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People v. Smith

Court of Appeals of Michigan

December 13, 2016

PEOPLE OF THE STATE OF MICHIGAN, Plaintiff-Appellee,
v.
CHAZ NICHOLAS SMITH, Defendant-Appellant.

         Eaton Circuit Court LC No. 14-020208-FH

          Before: M. J. Kelly, P.J., and O'Connell and Beckering, JJ.

          M. J. Kelly, P.J.

         Defendant Chaz Smith pleaded guilty to breaking and entering with intent to commit a felony, MCL 750.110, first-degree retail fraud, MCL 750.356c, and resisting or obstructing a police officer, MCL 750.81d. In September 2014, under the terms of a sentencing agreement, Smith originally was sentenced to 120 days in the county jail and two years' probation as part of the Eaton Circuit Court's priority drug court program. In 2015, Smith pleaded guilty to violating his probation by stealing a drug test from Meijer and violating his curfew. The trial court revoked his probation and sentenced him as a second habitual offender, MCL 769.10, to concurrent prison terms of 33 to 180 months for his breaking and entering conviction, 33 to 90 months for his first-degree retail fraud conviction, and 24 to 36 months for his resisting and obstructing conviction. Smith filed an application for delayed leave, which we denied.[1] Smith then appealed to our Supreme Court, which remanded to this Court for consideration as on leave granted. People v Smith, 499 Mich. 924; 878 N.W.2d 846 (2016). For the reasons stated in this opinion, we affirm.

         I. BASIC FACTS

         On May 22, 2014, Smith stole property from a Meijer store. Loss prevention personnel saw him attempt to enter vehicles in the parking lot before heading into a residential neighborhood. A police officer searching for Smith spotted him lying in a grassy area. Smith admitted at his plea hearing that when he saw the officer, he ran. The officer commanded Smith to stop, but he got away by jumping over a fence. A canine unit was called in and tracked Smith to a locked camper in the yard of a nearby home. Smith admitted that he entered the camper to hide from the police. The camper's owner did not have keys to unlock the door. However, with the owner's permission the police broke a window to gain entry. Smith did not immediately exit the camper, and when he did he refused to comply with police commands and had to be physically taken into custody.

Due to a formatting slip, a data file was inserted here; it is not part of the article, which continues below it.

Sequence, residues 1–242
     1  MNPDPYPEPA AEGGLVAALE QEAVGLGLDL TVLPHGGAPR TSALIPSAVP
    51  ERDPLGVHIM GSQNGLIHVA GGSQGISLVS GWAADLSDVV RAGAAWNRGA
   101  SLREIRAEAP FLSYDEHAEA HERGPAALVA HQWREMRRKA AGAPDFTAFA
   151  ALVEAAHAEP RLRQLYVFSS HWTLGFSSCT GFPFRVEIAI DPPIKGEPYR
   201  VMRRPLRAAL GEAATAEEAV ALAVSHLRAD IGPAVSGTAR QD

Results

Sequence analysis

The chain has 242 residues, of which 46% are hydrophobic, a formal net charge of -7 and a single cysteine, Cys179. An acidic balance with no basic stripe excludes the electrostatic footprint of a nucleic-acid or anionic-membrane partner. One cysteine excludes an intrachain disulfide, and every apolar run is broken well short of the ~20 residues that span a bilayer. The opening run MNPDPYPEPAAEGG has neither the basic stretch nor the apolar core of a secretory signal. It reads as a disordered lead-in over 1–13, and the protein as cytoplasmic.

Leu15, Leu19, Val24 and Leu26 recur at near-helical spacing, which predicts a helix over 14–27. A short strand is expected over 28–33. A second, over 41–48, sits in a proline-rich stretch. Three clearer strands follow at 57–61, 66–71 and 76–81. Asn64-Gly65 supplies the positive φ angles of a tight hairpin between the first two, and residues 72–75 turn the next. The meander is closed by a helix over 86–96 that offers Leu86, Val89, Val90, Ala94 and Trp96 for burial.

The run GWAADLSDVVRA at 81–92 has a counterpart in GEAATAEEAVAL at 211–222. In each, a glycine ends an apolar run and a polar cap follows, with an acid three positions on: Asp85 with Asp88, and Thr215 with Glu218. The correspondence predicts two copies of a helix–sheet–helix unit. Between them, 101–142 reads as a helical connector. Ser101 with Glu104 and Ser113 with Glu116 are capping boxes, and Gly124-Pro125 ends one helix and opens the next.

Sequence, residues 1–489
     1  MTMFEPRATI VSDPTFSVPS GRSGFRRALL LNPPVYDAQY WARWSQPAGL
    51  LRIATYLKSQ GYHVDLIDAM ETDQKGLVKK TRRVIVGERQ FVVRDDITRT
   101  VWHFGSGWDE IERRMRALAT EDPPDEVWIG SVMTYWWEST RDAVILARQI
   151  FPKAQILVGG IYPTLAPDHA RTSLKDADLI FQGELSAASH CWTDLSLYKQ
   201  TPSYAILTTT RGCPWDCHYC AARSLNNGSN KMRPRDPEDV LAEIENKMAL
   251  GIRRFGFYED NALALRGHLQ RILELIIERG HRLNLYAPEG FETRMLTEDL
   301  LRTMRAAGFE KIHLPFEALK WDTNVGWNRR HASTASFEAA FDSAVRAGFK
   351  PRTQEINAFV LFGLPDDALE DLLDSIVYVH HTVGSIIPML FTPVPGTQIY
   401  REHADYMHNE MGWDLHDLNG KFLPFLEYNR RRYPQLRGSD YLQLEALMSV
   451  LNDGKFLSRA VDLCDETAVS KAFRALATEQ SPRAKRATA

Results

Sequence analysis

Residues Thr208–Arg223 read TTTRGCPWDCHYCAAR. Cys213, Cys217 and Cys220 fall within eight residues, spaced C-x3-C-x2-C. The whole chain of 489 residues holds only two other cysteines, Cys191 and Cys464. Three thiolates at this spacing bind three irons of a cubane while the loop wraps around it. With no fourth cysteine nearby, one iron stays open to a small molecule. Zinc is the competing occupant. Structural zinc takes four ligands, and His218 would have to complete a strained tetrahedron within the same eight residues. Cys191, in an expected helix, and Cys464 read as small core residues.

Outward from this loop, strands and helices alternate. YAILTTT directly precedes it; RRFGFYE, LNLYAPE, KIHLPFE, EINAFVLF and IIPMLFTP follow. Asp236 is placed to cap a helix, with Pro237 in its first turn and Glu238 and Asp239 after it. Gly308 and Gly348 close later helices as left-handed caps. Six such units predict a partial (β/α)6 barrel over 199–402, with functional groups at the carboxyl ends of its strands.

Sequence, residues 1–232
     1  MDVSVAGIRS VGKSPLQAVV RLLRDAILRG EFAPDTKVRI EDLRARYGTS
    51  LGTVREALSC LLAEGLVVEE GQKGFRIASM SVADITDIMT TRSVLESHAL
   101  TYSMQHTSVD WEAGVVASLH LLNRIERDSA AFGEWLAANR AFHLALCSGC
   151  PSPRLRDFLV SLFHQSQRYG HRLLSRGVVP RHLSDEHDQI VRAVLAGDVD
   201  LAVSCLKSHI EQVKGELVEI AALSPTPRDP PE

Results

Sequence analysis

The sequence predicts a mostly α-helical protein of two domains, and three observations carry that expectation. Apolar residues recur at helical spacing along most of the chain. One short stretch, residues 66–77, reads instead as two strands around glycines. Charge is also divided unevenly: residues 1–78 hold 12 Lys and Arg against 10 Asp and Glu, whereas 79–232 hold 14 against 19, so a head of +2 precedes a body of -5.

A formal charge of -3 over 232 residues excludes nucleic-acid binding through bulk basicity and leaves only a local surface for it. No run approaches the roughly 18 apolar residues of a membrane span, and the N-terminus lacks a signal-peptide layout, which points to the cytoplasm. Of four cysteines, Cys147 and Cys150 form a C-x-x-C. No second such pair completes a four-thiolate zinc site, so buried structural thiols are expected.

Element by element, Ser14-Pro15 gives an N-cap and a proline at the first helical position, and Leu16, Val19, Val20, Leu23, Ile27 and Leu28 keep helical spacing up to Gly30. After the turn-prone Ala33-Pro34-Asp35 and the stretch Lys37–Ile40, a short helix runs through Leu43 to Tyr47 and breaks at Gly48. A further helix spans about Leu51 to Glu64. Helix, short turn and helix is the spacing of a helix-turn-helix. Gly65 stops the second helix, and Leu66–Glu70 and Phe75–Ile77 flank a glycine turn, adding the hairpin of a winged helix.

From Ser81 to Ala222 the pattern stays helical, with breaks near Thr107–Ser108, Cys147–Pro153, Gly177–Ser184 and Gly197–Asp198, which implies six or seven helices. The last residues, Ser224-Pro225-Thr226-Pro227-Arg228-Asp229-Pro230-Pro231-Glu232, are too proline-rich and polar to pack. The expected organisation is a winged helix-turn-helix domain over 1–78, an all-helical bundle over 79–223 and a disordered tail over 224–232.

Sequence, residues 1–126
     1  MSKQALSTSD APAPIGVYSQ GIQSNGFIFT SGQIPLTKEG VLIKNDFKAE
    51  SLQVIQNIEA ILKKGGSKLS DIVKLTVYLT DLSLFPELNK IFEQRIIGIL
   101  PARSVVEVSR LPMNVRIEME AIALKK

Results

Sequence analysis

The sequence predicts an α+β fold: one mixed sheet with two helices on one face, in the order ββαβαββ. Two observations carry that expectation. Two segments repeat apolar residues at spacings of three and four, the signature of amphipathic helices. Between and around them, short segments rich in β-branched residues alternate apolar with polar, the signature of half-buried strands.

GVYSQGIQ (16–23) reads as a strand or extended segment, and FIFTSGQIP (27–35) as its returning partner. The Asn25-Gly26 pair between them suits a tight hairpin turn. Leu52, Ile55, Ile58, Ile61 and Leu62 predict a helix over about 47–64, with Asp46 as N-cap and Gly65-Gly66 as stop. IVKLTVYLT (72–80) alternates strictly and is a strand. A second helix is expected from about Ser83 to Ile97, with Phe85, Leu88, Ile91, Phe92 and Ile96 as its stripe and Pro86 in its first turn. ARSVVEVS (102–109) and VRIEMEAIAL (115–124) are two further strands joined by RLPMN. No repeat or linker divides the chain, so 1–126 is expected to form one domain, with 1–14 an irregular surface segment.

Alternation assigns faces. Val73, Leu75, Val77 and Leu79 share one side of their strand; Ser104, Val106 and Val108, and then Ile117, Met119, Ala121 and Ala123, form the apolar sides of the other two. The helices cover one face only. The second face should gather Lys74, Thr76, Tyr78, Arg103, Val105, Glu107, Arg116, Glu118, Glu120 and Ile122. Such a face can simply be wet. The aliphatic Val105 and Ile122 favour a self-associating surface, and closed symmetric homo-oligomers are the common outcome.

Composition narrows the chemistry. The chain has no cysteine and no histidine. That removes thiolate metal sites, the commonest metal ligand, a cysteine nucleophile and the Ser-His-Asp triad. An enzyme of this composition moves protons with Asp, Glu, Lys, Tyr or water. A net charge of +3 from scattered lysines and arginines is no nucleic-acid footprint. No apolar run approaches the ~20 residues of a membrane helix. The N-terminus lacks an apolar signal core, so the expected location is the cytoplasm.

II. OFFENSE VARIABLE 19

         A. STANDARD OF REVIEW

         Smith argues that the trial court erred in scoring offense variable (OV) 19 at fifteen points. "Under the sentencing guidelines, the circuit court's factual determinations are reviewed for clear error and must be supported by a preponderance of the evidence." People v Hardy, 494 Mich. 430, 438; 835 N.W.2d 340 (2013). "Whether the facts, as found, are adequate to satisfy the scoring conditions prescribed by statute, i.e., the application of the facts to the law, is a question of statutory interpretation, which an appellate court reviews de novo." Id.

         B. ANALYSIS

         "Our primary task in construing a statute is to discern and give effect to the intent of the Legislature." People v Williams, 268 Mich.App. 416, 425; 707 N.W.2d 624 (2005). "In discerning legislative intent, this Court gives effect to every word, phrase, and clause in the statute" and "must consider both the plain meaning of the critical words or phrases as well as their placement and purpose in the statutory scheme." Id. Further, we "must avoid a construction that would render any part of a statute surplusage or nugatory." Id. "If the statutory language is clear and unambiguous, then no judicial construction is necessary or permitted." People v Campbell, ___ Mich.App. ___, ___; ___ N.W.2d ___ (2016) (Docket No. 324708); slip op at 10 (citation omitted).

         OV 19 addresses an offender's "threat to the security of a penal institution or court or interference with the administration of justice or the rendering of emergency services." MCL 777.49. In assessing points under OV 19, a court may consider the offender's conduct after the completion of the sentencing offense. People v Smith, 488 Mich. 193, 200; 793 N.W.2d 666 (2010). The sentencing court must assess fifteen points if:

The offender used force or the threat of force against another person or the property of another person to interfere with, attempt to interfere with, or that results in the interference with the administration of justice or the rendering of emergency services. [MCL 777.49(b).]

         However, the court must only assess ten points if "[t]he offender otherwise interfered with or attempted to interfere with the administration of justice." MCL 777.49(c). "[T]he plain and ordinary meaning of 'interfere with the administration of justice' for purposes of OV 19 is to oppose so as to hamper, hinder, or obstruct the act or process of administering judgment of individuals or causes by judicial process." People v Hershey, 303 Mich.App. 330, 343; 844 N.W.2d 127 (2013). Moreover, "OV 19 is generally scored for conduct that constitutes an attempt to avoid being caught and held ...


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